Still also said he was concerned about the governor turning over his power as special master to another person and talked about other states in which the federal government had filed suit because of failure of the states to set up a compliant voter registration system. He said the governor's office had no expertise in "running a voter registration system." He also voiced concerns over partisan implications and said the Republican Party "has an interest in ballot security" which Still alleged "usually winds up targeting Democratic voters" specifically he mentioned the poor and the elderly. And he alleged the Justice Department and the Alabama Attorney General's Office were "meeting in private and determining the governor was the best person to run voter registration."
Robert Popper, speaking for the DOJ, said "there had to be a breakdown" in the system to "force implementation." He said "situations differ from state-to-state" because of different vendors, challenges, and laws and said HAVA implementation was "not a horse race" and not meant to frustrate the electoral events that do occur.
Popper said implementation of the voter database was "akin to building a bridge" and "not like redistricting where every line you put down hurts one party or the other." He voiced surprise at "suggestions that partisan considerations would be entered into with the Court" and said he did not know what to make of the idea that "DOJ is beholden to a Republican president." He added it was unfair for opponents of the appointment of Governor Riley as Special Master to "say DOJ is enforcing the law in a way that helps one state but hurts another" and remarked he believed Alabama was the only state that had not as yet selected a vendor for the database implementation process.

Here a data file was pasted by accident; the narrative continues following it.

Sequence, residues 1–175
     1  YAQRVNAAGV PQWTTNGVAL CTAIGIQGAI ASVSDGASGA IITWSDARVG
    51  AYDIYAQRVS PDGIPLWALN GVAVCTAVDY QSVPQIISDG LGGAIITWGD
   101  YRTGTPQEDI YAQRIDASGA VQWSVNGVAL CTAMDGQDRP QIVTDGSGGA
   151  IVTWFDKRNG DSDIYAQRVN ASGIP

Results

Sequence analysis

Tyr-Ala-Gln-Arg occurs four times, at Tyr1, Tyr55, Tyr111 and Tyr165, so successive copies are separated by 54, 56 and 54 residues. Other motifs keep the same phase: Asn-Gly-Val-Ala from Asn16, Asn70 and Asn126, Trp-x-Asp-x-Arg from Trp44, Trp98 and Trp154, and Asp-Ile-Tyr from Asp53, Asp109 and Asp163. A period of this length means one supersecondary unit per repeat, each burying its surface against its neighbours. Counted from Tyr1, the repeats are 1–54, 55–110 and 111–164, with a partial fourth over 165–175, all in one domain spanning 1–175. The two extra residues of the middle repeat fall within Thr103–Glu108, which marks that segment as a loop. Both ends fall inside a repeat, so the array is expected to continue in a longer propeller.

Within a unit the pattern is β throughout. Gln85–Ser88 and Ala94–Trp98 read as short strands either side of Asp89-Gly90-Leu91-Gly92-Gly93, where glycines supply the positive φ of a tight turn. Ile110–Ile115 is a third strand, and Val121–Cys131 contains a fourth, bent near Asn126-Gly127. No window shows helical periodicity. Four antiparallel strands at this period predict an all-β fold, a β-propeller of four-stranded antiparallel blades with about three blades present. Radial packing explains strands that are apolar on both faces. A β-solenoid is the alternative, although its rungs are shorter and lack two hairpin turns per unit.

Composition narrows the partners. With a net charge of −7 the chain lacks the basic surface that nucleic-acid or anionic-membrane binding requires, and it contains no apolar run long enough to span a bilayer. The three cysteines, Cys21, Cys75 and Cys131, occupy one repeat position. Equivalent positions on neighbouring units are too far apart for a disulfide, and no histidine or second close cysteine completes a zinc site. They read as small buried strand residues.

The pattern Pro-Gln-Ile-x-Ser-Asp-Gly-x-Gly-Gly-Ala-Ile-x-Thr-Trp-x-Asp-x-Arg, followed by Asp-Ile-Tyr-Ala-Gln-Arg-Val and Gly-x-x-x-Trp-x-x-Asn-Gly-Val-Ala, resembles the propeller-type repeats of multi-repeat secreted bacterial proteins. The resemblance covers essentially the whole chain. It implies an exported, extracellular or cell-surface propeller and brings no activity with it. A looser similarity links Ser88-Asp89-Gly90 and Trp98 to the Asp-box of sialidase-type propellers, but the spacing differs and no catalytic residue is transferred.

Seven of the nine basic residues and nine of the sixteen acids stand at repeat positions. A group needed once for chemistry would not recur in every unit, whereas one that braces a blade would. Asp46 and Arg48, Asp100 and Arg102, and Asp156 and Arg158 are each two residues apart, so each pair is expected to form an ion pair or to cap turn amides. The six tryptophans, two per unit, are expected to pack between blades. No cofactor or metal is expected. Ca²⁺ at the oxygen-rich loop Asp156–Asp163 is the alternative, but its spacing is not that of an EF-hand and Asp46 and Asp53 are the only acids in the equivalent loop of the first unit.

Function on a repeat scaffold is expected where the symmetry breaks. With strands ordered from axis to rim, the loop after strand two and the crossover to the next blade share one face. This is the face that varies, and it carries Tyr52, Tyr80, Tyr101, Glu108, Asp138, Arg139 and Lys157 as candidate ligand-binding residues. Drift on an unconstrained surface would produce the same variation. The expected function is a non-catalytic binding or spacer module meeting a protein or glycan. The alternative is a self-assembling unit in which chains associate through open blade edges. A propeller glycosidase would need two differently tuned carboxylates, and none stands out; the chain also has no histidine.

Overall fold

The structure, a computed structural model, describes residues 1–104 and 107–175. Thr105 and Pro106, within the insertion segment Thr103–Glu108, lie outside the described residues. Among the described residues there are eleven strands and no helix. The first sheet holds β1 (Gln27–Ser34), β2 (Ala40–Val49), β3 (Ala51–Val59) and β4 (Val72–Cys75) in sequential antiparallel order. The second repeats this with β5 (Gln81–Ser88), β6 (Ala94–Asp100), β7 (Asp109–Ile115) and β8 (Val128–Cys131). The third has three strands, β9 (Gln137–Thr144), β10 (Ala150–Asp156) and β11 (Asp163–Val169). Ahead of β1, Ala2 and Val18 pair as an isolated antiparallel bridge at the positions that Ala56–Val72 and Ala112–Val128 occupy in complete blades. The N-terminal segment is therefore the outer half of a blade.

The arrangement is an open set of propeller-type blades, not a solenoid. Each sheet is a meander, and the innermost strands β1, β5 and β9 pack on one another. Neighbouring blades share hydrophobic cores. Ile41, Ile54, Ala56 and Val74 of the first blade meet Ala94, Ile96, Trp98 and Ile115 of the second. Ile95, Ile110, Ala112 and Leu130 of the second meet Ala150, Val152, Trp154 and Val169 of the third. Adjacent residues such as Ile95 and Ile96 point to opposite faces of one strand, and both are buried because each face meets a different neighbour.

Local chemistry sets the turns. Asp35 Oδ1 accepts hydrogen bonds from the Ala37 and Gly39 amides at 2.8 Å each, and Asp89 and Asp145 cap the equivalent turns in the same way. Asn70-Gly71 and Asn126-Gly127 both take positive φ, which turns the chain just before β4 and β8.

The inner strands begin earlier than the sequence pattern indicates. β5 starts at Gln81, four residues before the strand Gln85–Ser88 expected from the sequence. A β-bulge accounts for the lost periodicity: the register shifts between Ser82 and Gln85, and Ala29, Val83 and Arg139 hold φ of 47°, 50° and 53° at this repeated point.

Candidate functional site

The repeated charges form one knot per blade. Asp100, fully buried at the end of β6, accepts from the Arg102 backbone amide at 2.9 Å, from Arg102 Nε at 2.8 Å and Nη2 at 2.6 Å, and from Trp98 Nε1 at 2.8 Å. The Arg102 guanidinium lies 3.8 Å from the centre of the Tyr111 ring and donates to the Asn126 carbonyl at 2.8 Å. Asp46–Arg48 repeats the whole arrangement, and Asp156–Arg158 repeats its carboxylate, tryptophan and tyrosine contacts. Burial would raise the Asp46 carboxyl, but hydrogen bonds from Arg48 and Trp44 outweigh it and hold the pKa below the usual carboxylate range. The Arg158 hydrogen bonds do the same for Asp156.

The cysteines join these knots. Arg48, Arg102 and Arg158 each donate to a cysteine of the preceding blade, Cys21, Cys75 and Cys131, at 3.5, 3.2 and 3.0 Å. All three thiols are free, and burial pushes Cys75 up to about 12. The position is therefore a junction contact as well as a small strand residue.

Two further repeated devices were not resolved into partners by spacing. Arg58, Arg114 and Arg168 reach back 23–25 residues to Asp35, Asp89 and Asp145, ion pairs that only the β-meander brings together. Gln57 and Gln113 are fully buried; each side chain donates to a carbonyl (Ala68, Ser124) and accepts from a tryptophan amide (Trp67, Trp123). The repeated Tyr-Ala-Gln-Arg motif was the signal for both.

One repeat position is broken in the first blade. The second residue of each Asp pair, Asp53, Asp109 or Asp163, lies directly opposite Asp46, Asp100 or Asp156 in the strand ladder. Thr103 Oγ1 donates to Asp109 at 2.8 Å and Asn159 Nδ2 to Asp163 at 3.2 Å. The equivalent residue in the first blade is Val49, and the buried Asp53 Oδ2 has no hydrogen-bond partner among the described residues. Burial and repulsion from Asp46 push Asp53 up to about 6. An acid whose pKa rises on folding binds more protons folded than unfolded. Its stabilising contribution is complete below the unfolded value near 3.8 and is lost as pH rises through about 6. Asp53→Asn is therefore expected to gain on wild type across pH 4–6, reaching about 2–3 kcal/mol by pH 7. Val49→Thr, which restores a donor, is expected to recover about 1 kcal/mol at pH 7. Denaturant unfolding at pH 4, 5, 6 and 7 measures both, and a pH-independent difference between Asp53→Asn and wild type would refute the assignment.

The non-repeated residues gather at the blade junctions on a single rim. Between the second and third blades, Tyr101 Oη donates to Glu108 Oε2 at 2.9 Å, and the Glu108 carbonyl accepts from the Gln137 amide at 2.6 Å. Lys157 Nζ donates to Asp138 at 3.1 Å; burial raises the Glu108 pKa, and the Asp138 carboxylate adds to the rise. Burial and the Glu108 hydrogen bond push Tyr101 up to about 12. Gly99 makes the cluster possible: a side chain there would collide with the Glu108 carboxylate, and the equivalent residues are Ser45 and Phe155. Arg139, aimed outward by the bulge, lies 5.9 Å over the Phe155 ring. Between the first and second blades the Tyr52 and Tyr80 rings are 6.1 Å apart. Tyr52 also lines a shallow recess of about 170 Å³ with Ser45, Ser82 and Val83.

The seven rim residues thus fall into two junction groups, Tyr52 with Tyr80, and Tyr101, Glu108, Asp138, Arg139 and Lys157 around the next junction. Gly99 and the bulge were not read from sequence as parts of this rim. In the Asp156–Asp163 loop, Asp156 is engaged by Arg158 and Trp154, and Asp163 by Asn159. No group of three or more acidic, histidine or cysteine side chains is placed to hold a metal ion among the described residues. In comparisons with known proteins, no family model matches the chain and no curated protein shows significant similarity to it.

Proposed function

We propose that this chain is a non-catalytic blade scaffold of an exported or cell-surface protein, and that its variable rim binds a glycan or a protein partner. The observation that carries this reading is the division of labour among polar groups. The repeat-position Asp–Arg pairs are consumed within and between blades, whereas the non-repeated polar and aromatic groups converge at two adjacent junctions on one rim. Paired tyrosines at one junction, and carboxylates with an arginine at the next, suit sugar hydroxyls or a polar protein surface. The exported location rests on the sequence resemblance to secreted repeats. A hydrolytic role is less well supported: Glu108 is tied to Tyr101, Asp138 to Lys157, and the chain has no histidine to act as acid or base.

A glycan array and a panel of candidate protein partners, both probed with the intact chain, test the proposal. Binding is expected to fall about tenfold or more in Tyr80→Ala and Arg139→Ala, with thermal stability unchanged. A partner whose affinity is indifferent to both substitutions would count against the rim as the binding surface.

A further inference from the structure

The judge sustained the objections to the proposed plan and denied the defendants' proposed timeline. He ruled the Court "will adopt the defendants' HAVA compliance plan generally with certain modifications of the timeline and non-substantive provisions" and ordered that "HAVA compliance must be achieved by Defendant State of Alabama on or before August 31, 2007" and laid out benchmarks for accomplishing that task.
The judge then went on to discuss issues related to the 2008 primary election and said the U.S. had "objected to the plan's unhurried timeline with no set deadline" and that the "United States further requested that the Court appoint a Special Master to administer the HAVA compliance plan."
On May 1 the DoJ filed suit against the state and Secretary of State Worley on May 1 and on May 30 Judge Watkins issued his oral findings on the case. On June 7, Watkins issued a memorandum and order granting Declaratory Judgment and Preliminary Injunction. On July 20, a hearing on a proposed compliance plan was held before Judge Watkins and a plan was submitted by Worley on June 29. In a finding dated July 21 the Court found that, under the circumstances, the defendants have achieved a reasonable level of HAVA compliance with respect to the November 2006 general election and the potential for disruption of the November 2006 general election substantially outweighs any benefit of taking further action with the database until after November.
The New York times editorial concluded:
The Justice Department has enormous power over state elections. It is important that this power be used in a way that appears — and is — nonpartisan. Undercutting a Democratic secretary of state, and taking the extraordinary step of handing her powers to a Republican governor, meets neither test. The Justice Department is giving the impression that it is less concerned that elections be lawful and fair than that they come out a particular way.